Many aquarists know this fish as a “green terrorist” or “blue horror” aquarium, but many people owe it to their addiction to breeding American cichlids. This is Akara turquoise (Andinoacara rivulatus) – a bright, beautiful and very characteristic fish, which can hardly be called a cute baby.
Why does this large (up to 30 cm), massive and big-headed fish enjoy unchanged popularity while continuing to wear such menacing nicknames?
Albert Karl Ludwig Gotgelf Günther (1830-1914) – German zoologist, known to all aquarists for his work on the creation of an 8-mitomnik catalog of fish (“Catalog of fishes”), for the first time gave a full description of the turquoise acre back in 1860
In the chapter on the “green terrorist”, he clearly attributed this fish to the cichlid family – Cichlidae, and said that the fish came to Europe from South America, where it freely lived in the rivers of Peru and Ecuador, preferring to rocky-sandy, poorly pierced by the sun. shallow waters. Hiding under large stones and dark snags, this iridescent aggressor attacked the larvae, insects, small invertebrates and other smaller fish.
In his writings, Albert Günther made no difference between an acre of turquoise Andinoacara rivulatus and an acre of the blue-spotted Aequidens pulcher, attributing them to one species.
For novice fish farmers, these differences are so insignificant that it is not worth dwelling on them in detail.
It is worth emphasizing such a detail: on the aggression scale, “blue horror” received as many as 80 points out of a possible 100, but cichlid lovers found ways to tame such a tough acre by choosing the right content for the fish and the right neighbors for it.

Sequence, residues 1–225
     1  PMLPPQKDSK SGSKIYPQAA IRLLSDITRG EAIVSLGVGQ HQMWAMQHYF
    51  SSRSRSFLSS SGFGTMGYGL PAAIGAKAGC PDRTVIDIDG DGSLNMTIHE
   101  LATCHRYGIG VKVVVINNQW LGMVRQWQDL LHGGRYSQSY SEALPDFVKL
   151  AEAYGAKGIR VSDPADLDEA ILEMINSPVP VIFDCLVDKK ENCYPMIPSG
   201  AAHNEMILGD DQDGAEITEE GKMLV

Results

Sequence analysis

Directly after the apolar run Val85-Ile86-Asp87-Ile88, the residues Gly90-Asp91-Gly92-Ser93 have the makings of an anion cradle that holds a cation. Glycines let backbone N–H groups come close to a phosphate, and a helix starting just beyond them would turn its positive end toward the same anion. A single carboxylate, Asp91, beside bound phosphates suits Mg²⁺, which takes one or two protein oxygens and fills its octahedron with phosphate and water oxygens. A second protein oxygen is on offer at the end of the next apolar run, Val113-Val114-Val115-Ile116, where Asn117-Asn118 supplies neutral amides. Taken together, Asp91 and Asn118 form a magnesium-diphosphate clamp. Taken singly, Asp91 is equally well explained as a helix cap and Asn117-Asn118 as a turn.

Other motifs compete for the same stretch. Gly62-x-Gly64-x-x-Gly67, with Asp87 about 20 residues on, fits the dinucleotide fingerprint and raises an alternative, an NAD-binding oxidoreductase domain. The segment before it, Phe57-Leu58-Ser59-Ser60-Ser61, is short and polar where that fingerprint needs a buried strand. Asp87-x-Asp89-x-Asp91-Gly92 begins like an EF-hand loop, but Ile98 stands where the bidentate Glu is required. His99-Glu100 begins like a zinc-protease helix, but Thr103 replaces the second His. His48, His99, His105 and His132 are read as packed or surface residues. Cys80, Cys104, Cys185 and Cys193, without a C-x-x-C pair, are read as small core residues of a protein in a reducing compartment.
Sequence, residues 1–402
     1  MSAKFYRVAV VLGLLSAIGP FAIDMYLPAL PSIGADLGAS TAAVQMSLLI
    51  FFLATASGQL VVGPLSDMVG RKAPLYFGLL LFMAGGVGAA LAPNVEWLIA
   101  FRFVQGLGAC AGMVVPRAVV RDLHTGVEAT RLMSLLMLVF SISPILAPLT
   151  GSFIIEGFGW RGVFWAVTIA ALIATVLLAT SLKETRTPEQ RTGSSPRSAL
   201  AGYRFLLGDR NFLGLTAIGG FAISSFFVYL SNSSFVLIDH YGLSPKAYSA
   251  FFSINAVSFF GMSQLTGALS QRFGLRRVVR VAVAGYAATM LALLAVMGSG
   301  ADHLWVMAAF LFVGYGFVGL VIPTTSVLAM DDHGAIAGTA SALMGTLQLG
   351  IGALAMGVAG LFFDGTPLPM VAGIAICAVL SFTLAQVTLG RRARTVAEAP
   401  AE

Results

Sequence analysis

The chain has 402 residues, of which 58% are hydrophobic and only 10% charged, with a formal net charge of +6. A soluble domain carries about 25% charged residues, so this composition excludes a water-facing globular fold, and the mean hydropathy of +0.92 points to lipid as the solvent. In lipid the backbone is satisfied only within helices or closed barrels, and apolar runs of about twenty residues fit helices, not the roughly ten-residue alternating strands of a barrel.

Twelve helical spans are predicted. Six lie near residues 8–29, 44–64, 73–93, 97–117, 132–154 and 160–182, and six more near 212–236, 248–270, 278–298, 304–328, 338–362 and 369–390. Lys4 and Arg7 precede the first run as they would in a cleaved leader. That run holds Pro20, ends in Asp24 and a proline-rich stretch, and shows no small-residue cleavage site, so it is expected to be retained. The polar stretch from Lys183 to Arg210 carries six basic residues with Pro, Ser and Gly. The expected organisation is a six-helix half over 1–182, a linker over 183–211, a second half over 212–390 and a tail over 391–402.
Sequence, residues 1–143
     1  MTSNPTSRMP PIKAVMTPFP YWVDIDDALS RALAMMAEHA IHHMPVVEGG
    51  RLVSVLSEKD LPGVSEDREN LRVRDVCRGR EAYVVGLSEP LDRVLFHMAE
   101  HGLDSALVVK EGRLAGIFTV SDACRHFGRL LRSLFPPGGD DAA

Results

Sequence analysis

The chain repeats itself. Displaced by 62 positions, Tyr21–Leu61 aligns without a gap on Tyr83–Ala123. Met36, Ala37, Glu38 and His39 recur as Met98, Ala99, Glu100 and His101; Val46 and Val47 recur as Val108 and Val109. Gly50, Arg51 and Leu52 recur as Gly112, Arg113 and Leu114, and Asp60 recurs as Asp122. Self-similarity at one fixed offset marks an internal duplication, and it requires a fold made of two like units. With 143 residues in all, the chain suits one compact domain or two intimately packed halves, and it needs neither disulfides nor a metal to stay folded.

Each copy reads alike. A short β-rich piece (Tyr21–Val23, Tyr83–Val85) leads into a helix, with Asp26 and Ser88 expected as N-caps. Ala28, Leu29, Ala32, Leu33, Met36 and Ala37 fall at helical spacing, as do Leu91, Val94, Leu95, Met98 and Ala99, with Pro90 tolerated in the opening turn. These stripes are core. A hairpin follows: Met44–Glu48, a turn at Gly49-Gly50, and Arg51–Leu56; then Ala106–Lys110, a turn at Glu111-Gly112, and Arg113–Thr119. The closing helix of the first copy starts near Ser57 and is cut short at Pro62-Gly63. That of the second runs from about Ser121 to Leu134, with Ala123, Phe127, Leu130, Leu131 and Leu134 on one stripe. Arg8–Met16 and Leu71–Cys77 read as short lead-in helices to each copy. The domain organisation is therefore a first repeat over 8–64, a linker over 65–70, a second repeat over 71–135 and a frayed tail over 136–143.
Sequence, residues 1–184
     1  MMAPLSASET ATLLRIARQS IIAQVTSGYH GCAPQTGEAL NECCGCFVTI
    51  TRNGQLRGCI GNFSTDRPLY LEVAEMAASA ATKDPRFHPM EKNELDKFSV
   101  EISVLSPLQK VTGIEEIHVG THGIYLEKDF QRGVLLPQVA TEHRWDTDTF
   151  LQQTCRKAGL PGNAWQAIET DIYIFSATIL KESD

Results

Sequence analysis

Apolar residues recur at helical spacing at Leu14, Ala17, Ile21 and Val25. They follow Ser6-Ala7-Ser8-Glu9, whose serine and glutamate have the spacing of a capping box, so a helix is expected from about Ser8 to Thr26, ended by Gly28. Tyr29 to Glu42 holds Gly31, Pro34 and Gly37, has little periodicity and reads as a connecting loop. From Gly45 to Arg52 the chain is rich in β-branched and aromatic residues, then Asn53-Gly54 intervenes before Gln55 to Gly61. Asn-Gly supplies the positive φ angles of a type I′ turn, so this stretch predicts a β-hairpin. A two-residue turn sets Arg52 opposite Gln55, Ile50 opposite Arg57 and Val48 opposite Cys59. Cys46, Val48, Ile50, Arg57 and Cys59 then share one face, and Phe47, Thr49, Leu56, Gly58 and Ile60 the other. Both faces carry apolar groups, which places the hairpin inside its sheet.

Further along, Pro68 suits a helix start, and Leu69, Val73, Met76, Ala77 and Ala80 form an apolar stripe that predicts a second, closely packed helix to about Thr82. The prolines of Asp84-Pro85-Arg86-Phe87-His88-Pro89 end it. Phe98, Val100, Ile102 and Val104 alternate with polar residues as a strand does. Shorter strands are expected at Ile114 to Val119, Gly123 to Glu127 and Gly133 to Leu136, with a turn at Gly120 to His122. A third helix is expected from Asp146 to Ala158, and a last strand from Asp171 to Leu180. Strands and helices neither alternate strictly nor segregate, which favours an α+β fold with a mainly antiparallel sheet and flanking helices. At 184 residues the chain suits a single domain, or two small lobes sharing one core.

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What makes this fish a decoration for home aquariums is, in fact, a great protective coloring for its natural habitat. Shimmering turquoise-silver scales, bright yellow-orange-red edging along a rounded tail and pointed dorsal fin, striped “tiger” on the face and gill covers – there is no better masking in the dark, flowing water, mottled with thin sun rays. In the variegated play of the waves and sunbeams, the fish trapping its live prey is almost imperceptible, even such large and wide as turquoise akara.
The dark, irregularly shaped spot in the center of the bluish-turquoise corps of this cichlid suggests a properly trained commando, who has already shaved his face with dark paint, trying as much as possible to merge with the environment.
In females, the pattern on the face is continuous, but in males the lines are separated by dark stripes.
Sexual dimorphism is expressed very clearly. Not only is the male larger and brighter than the female, it is also endowed with a special decoration – fatty growth on the high dome-shaped forehead.
The female “wears” the forehead gently sloping, and her anal fins do not go into her braids with age. The older the male, the larger the bump on his forehead, and with good care, these fish are quite down to 10-12 years of age.